Updated: Oct. 12, 2010 5:15 p.m.
JOLIET, Ill. (CBS/WBBM) – The Lynwood police officer charged in the so-called “State Line” murder case has pleaded not guilty to a charge of first-degree murder.
Officer Brian Dorian appeared for a hearing Tuesday afternoon at the Will County Courthouse in Joliet. Prosecutors offered no new details of the case against Dorian, officer who appeared via video hook-up.
The 50-seat courtroom was packed with onlookers, including many who came to support Dorian. Another few dozen supporters remained outside.
Prosecutors have yet to present additional charges against Dorian, who has been charged only in the shooting death of Rolando Alonso, 45. Police have said the man who shot and killed Alonso at a construction site in rural Beecher in Will County also shot and critically wounded another man at the scene, and then later shot and injured a farmer in Lowell, Ind.
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His bond was previously set at $2.5 million in the warrant for his arrest.
Dorian was arrested early Friday on the first-degree murder warrant, after police pulled over a truck that looked like the one described as being driven by the killer.
The shooting spree began about 10:30 a.m. on Tuesday of last week, at a house being renovated near Beecher and about 40 minutes later at a farmhouse near Lowell, Ind.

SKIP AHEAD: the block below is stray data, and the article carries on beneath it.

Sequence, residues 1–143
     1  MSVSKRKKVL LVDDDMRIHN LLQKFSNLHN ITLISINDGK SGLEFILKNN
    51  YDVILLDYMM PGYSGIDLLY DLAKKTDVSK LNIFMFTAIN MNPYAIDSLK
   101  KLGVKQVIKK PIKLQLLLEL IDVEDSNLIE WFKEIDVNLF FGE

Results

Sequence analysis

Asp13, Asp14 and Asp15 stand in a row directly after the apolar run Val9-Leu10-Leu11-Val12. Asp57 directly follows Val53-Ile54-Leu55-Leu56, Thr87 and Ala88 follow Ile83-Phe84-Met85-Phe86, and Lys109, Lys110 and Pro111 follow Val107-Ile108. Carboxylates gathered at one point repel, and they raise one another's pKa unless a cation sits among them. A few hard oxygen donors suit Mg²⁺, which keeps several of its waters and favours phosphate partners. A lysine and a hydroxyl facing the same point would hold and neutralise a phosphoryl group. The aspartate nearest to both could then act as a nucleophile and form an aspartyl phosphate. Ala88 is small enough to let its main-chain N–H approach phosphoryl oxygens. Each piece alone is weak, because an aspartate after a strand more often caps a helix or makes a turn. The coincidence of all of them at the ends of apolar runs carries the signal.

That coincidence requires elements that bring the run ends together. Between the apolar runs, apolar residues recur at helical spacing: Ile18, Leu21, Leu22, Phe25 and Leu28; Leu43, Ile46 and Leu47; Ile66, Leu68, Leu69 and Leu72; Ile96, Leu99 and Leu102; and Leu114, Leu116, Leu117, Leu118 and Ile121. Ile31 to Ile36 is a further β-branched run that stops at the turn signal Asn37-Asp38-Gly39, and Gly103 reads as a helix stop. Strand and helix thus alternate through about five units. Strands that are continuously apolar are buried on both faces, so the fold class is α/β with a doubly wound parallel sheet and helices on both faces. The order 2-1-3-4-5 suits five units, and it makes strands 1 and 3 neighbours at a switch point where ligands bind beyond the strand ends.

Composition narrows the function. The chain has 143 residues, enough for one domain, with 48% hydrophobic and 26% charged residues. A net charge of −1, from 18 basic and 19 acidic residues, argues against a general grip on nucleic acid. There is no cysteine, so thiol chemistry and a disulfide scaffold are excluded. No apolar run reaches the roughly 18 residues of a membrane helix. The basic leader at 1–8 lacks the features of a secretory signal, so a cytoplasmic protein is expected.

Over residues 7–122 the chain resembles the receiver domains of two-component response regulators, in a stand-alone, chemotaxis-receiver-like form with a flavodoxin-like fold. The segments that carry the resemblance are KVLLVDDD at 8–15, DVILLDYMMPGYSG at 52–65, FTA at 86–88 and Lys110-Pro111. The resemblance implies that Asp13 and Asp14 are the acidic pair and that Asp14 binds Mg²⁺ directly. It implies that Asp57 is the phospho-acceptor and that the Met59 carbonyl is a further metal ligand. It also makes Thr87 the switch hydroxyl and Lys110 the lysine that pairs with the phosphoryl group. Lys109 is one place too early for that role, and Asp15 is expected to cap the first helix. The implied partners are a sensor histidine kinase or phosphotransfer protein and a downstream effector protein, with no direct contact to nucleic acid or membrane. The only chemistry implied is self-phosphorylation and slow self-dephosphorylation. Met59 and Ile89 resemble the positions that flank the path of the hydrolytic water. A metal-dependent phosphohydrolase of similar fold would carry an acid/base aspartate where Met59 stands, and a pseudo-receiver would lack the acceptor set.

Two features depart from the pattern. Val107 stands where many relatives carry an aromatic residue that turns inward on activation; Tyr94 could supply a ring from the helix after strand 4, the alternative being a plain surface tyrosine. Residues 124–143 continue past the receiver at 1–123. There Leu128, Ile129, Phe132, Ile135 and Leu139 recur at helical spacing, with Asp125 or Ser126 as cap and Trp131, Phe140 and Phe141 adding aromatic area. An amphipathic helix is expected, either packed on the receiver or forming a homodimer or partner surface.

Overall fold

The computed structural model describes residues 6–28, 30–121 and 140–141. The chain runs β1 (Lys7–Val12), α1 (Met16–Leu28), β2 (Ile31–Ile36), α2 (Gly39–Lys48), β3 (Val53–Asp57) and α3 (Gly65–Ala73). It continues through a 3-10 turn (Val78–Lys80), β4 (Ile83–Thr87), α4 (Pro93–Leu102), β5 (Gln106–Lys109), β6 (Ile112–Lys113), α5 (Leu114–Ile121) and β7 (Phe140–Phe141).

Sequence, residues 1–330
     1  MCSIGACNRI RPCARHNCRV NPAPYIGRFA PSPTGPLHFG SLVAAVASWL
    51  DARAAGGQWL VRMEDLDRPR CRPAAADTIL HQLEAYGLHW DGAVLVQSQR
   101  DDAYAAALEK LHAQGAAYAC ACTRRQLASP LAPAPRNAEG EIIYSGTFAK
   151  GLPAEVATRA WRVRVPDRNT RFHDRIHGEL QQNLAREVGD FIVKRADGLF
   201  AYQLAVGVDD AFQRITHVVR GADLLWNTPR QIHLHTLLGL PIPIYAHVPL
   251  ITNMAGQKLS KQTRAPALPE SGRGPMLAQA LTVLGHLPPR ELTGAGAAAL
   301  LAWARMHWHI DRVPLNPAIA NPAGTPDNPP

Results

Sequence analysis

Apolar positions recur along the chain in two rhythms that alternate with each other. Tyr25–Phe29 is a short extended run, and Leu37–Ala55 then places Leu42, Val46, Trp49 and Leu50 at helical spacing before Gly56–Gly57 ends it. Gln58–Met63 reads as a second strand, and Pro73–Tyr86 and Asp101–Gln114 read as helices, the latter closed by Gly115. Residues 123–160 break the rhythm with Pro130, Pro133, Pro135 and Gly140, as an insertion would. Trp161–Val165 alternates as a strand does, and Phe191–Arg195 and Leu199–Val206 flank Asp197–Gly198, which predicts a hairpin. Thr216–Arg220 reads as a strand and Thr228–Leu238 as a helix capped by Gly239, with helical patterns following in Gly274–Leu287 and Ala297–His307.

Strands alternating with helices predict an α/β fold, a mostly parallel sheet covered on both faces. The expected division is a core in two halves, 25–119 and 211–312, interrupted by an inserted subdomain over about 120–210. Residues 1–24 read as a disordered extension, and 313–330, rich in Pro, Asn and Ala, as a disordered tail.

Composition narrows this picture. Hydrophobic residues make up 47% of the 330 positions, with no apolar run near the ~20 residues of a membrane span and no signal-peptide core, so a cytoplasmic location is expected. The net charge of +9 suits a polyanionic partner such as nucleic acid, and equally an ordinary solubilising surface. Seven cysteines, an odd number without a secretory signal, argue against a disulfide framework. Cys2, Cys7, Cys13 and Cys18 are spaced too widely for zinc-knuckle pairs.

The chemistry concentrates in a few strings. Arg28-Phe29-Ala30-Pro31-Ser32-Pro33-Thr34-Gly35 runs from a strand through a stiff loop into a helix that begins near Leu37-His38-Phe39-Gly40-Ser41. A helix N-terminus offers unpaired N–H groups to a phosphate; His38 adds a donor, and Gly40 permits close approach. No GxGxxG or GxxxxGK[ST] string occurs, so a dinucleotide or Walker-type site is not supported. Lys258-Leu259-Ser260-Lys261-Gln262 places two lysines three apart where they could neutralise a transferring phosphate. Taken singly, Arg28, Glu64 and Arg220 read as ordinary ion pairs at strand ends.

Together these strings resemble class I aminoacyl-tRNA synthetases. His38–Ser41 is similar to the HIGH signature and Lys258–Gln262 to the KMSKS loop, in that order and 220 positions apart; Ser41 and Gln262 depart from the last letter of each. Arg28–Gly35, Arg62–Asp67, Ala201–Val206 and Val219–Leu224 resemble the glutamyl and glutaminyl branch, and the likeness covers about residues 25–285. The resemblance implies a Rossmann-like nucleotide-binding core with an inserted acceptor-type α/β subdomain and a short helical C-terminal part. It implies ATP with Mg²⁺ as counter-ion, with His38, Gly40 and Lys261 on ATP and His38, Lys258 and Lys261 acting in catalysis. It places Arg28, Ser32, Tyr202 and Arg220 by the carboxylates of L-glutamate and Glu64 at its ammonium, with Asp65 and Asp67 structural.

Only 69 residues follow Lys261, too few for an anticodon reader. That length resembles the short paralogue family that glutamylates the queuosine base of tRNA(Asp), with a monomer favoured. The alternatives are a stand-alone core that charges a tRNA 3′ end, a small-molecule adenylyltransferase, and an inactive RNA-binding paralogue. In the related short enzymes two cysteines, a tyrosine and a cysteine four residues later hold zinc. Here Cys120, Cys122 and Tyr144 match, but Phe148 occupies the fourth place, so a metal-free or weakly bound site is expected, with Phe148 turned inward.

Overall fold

Killed in the shooting spree was Rolando Alonso, 45, of Hammond, Ind., a father of six children and four stepchildren. Joshua Garza, 19, also of Hammond, was in critical condition in Christ Advocate Hospital in Oak Lawn. Both men worked for Rich Construction based in Dyer, Ind.
Wounded at the farmhouse was Lowell farmer Keith Dahl, who played dead to survive until the gunman escaped.
But while family members may be relieved at the arrest, Dorian’s family most assuredly is not. About 50 of Dorian’s family members and friends were in court Tuesday, many of them wearing “Free Brian Dorian” T-shirts.
“My thoughts are an innocent man’s gonna be proven innocent shortly,” his mother Diane Dorian said. “And I feel so sorry for those victims out there and their families. This guy is still loose. That’s all I have to say.”
Family members are showing Dorian support, and claiming police have the wrong suspect. Rather, Dorian’s family says he is a loving son and brother.
“Brian, you have always been my hero. I’ve always been the biggest fan, and I really hope that they do their job and get you back home to us, because the whole family and your friends, your niece – everybody wants you home,” said the suspect’s sister, Tara.
At least one fellow police officer was among the 30 people who gathered together Monday night to fight for the man who they say is wrongfully accused. Many wore T-shirts calling for his immediate release.
“Where do we go from here? I’m not going to rest until Brian’s out; until this is over,” said Lynwood police Sgt. Tim Smith, “and neither is anybody here.”
But Kristina Garza, the aunt of one of shooting victim Joshua Garza, said her nephew would be able to identify Dorian as the gunman.